Three months after my21st, however, was my graduation. I thought that as only two guests per graduate were allowed at the ceremony, I would be safe here. My new girlfriend and I arranged a celebratory meal at a restaurant for ourselves and our parents afterwards. Fiona’s Dad was a top scientist and I was keen to impress him.
The meal went well and we were just taking photographs in the park when a familiar, ”Yoo-hoo!” filled the air. Uncle Reg’s eight-seater pulled up beside us and out spilled the relatives, complete with picnic, champagne and party poppers. Not only did WE have to endure their company, but so did all the other new graduates celebrating in the park that day. Needless to say, I didn’t impress Fiona’s Dad and our relationship didn’t last much longer.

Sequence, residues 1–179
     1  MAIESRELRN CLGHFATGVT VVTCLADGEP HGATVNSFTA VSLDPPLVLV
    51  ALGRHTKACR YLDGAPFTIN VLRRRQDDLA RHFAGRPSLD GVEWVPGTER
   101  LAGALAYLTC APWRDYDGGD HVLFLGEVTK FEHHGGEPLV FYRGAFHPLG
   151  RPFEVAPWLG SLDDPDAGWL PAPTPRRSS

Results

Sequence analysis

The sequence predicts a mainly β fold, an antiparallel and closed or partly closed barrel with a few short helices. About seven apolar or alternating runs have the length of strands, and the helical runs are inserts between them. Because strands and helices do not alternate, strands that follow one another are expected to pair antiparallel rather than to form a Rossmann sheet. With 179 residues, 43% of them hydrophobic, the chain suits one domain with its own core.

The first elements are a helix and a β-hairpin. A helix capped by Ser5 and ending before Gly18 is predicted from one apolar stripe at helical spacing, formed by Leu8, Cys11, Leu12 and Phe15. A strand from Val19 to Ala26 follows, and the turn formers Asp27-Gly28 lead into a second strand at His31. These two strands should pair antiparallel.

So, when I did find Patti, my true soulmate, I was determined to protect her from family gatherings and didn’t allow her to meet any of them until we were well and truly engaged. The relatives complained loudly that they hadn’t met her, so I chose the venue-the zoo. Afterwards we laughed and laughed as we compared them to the animals. Uncle Henry, we decided, was like a gloomy gorilla while Patti compared Reggie and Betty to a pair of noisy parakeets and Millie to a laughing hyena. Poor old Uncle Derek was a sloth, of course, though she did decide that skunk was too unkind a comparison for Mary so she chose peacock instead.